Top 10 Books of 2014

In no particular order, here are my top 10 favourite reads for 2014.


1.     The Children Act by Ian McEwan (2014)

This novel follows a High Court judge as she presides over cases in the family court in London. Her professional successes contrast with a domestic crisis and the lingering regret of never having children. As with all Ian McEwan novels, the writing is beautiful and the characters believable. I rambled though this one with mild interest until suddenly I was hooked and couldn’t put it down. Overall left me feeling quite moved and thoughtful.


2.     Elizabeth is Missing by Emma Healey (2014)

Told from the perspective of Maud, an 82-year-old with failing memory, this clever and moving mystery will both haunt and amuse you. Part mystery, part drama, this novel is an unsettling and compelling debut from Emma Healey that I highly recommend. “How do you solve a mystery when you can’t remember the clues?”


3.     The Quiet American by Graham Green (1955)

A beautiful piece of fiction, short but sweet with not a single word out-of-place. If you have never read any Graham Green before then this is a great place to start. “It might be nearly 60 years since The Quiet American was first published, but it still evokes the exotic promise of the Orient, and the troubled relationship Vietnam has with the West” (Wanderlust)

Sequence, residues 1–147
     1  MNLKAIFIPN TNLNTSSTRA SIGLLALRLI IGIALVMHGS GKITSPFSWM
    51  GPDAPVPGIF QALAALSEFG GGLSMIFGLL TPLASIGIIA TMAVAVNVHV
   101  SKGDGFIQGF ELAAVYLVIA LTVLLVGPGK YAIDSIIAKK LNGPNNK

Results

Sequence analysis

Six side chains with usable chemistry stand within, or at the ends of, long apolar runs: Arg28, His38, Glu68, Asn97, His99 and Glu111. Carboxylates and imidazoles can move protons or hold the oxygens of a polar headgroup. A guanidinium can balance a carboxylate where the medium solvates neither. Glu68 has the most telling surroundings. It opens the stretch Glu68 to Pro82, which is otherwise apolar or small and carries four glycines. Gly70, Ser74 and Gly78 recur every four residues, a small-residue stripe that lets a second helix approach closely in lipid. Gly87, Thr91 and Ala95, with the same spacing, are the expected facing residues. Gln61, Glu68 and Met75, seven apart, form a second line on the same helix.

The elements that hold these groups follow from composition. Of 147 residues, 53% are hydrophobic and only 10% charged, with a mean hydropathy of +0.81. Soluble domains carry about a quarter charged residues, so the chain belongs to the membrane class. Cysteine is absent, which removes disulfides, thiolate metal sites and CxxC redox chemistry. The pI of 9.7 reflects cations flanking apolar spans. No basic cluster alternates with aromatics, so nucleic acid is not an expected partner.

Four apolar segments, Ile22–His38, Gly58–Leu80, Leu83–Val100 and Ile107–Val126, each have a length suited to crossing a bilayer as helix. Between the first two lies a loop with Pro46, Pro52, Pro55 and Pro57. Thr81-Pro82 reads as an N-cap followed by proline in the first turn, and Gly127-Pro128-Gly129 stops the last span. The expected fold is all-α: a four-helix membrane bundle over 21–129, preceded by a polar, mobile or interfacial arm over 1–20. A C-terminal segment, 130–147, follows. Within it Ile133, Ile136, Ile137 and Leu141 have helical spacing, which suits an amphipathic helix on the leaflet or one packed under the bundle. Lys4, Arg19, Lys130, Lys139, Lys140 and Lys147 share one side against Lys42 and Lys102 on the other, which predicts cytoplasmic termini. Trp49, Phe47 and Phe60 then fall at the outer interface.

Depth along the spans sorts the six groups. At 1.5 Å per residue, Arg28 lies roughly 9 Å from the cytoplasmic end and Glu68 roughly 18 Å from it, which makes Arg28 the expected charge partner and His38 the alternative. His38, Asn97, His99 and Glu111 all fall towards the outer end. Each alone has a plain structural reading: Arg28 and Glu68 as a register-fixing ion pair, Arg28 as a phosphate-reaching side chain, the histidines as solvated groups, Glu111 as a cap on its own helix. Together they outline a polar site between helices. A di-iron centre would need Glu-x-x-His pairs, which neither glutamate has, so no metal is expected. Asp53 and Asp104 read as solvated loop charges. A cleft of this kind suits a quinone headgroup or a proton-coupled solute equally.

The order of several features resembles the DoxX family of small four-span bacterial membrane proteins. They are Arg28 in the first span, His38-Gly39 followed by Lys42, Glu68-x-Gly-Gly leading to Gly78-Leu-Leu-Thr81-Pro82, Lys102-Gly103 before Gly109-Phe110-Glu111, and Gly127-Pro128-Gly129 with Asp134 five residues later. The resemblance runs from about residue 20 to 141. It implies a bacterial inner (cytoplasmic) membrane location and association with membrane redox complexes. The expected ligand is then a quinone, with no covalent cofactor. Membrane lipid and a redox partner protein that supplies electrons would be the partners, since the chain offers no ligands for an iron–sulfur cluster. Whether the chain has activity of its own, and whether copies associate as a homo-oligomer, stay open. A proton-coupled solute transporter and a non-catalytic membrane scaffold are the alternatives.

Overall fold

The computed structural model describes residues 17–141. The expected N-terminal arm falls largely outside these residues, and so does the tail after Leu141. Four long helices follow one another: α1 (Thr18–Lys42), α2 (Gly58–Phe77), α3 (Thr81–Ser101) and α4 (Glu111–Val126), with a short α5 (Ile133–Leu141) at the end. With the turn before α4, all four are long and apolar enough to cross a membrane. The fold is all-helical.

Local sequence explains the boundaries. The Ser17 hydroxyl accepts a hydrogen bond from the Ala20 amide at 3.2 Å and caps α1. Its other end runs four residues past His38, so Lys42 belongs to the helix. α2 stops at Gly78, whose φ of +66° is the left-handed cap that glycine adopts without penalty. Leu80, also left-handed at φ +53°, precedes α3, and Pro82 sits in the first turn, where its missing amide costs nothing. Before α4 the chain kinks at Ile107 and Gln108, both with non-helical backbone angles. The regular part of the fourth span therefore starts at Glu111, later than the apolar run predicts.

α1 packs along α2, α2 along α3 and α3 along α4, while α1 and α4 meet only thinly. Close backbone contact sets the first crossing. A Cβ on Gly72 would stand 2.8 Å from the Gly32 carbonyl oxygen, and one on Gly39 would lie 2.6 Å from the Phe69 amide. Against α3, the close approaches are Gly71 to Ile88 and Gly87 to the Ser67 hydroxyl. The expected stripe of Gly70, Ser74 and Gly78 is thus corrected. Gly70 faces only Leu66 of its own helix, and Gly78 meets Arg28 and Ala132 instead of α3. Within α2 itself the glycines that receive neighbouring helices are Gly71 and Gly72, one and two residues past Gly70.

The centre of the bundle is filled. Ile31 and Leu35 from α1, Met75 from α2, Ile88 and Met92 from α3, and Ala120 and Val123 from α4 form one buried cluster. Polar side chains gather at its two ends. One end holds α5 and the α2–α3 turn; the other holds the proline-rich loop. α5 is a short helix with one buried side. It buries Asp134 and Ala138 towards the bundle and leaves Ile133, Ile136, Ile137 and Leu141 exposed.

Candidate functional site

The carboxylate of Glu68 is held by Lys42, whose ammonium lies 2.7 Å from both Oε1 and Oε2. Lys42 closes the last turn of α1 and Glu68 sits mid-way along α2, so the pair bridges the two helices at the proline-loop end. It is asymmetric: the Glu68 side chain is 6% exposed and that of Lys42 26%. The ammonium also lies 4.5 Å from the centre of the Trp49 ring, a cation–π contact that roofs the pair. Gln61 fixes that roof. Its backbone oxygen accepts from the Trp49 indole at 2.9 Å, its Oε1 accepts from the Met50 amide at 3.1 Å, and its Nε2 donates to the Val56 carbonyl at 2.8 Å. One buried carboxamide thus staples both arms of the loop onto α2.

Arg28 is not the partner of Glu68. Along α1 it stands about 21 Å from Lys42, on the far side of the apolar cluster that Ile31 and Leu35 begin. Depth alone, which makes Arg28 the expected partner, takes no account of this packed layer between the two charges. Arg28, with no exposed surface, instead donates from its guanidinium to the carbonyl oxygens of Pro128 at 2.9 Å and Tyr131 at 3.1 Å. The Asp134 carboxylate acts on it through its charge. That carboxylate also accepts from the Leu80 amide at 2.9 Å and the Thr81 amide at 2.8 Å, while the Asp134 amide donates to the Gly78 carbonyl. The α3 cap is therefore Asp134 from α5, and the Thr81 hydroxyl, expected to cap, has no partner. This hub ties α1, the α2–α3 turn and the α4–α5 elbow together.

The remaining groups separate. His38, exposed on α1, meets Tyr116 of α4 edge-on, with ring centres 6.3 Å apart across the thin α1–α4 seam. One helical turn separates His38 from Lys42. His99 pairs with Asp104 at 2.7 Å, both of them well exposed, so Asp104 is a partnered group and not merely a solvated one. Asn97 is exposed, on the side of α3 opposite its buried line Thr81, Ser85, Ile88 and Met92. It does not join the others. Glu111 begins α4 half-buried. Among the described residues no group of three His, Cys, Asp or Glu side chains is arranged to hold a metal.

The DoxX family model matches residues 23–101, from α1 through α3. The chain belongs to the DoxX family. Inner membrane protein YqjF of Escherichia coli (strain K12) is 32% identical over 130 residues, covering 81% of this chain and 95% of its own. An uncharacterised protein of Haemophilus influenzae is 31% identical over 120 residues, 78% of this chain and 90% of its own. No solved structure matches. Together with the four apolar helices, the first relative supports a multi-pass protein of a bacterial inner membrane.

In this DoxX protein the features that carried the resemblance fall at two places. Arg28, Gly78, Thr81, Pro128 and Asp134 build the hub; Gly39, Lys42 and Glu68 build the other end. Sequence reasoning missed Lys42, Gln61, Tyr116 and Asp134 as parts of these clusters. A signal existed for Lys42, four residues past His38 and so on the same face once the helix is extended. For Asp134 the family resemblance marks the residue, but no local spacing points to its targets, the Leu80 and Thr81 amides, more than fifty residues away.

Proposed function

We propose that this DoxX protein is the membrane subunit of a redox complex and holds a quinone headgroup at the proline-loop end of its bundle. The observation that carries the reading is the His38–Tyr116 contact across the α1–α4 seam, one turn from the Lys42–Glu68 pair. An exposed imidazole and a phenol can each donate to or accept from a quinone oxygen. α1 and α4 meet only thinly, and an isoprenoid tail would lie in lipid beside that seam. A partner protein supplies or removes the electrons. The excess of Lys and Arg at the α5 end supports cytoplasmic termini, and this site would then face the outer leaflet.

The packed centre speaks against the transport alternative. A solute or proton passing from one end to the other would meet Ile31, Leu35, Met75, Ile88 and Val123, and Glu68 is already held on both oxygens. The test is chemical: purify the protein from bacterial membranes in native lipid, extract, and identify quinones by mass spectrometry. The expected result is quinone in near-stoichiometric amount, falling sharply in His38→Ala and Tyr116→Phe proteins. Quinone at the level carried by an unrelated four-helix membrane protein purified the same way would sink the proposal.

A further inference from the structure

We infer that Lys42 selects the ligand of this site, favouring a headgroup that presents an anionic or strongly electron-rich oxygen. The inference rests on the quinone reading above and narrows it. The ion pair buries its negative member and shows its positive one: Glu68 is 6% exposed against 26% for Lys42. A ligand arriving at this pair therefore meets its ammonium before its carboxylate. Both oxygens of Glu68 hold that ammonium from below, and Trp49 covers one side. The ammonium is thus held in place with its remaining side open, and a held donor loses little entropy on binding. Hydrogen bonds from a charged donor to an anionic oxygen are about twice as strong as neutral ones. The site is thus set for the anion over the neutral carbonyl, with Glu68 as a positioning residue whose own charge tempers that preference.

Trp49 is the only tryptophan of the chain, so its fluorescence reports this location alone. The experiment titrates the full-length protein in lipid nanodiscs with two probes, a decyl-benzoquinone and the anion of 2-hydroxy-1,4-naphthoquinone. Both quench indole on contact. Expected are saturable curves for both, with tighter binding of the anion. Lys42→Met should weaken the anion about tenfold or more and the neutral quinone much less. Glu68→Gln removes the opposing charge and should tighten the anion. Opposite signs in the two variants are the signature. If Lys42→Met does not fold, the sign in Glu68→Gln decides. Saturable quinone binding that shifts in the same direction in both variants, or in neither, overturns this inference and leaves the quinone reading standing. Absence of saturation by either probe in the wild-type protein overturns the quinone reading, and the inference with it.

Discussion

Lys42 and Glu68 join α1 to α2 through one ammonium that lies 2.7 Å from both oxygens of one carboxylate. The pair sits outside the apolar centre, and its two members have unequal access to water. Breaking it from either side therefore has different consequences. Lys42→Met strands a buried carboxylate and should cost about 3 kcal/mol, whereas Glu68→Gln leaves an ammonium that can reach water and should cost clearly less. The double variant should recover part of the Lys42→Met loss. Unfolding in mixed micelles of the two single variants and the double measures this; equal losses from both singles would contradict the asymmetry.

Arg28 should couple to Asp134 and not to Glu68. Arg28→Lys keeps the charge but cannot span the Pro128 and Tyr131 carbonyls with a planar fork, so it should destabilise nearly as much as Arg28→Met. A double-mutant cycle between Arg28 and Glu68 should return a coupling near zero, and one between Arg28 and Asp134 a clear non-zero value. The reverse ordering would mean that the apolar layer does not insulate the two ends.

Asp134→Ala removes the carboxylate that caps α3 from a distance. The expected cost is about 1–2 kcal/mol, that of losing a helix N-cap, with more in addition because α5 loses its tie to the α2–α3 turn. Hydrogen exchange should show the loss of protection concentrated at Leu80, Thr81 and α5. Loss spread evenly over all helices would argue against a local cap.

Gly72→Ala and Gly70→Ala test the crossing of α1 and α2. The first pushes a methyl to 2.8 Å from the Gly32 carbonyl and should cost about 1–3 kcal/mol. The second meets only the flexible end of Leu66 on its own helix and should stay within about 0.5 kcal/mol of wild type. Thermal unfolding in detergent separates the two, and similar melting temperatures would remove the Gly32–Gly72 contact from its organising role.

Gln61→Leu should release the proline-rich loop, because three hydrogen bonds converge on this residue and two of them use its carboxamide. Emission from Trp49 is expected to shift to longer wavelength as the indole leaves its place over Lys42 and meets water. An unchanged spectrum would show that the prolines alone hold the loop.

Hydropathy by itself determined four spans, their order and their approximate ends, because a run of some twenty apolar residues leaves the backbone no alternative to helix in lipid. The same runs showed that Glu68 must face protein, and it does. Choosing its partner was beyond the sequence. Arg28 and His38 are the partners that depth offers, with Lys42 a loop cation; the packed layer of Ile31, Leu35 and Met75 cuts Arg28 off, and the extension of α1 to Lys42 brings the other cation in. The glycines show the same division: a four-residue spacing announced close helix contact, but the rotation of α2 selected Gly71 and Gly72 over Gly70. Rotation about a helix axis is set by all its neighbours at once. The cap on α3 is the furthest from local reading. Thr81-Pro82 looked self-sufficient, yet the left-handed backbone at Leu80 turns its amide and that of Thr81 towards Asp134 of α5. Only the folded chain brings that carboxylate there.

4.     Hateship, Friendship, Courtship, Loveship, Marriage by Alice Munro (2001)

I’ve had something of an Alice Munro year and could probably have listed any of the 5 books I have read from her over the last 12 months. She is the master of contemporary short stories and won the Nobel Prize for Literature in 2013. Always with a sense of regret and nostalgia, she captures a glimpse of life that is deeper than most full-length novels.


5.     Rabbit, Run by John Updike (1960)

Set in 1959, this novel is told from the perspective of a high school sports star whose post school life is going nowhere. Married to an alcoholic who is pregnant with his second child and stuck in a job selling utensils to housewives, 26-year-old Rabbit decides to flee from his family in an attempt to escape his mediocre existence. This is not a nice book. I did not like the main character and the ending is horrifying, but ultimately it’s a brilliant novel and deservedly a top book for the year, even though I didn’t enjoy the taste much.


6.     The Talented Mr Ripley by Patricia Highsmith (1955)

Tom Ripley is leading a strained existence in New York. Sick of his friends and bored of the city, he has a lucky break when the father of an acquaintance offers to send him to Italy, in an attempt to persuade their son to come home to America. Once in Italy though, Tom’s jealousies and paranoia get the better of him and the tension begins to  build.

Read my full review of this book here.


7.     Spin by Robert Charles Wilson (2005)

This novel centers around intertwining lives of three people who together witness an event that will dictated the path of not only the rest of their lives, but the fate of everyone on earth. The astronomical changes of that day in October set course for a time-altering event that means the sun will be extinguished in the next forty years. This October Event wasnt naturally occurring phenomena, so what set it in motion and why? How do you go about living in a dying world and how do you plan for a future that might not exist?

I wrote a longer post about this novel here.


8.     The Rosie Project by Graham Simsion (2013)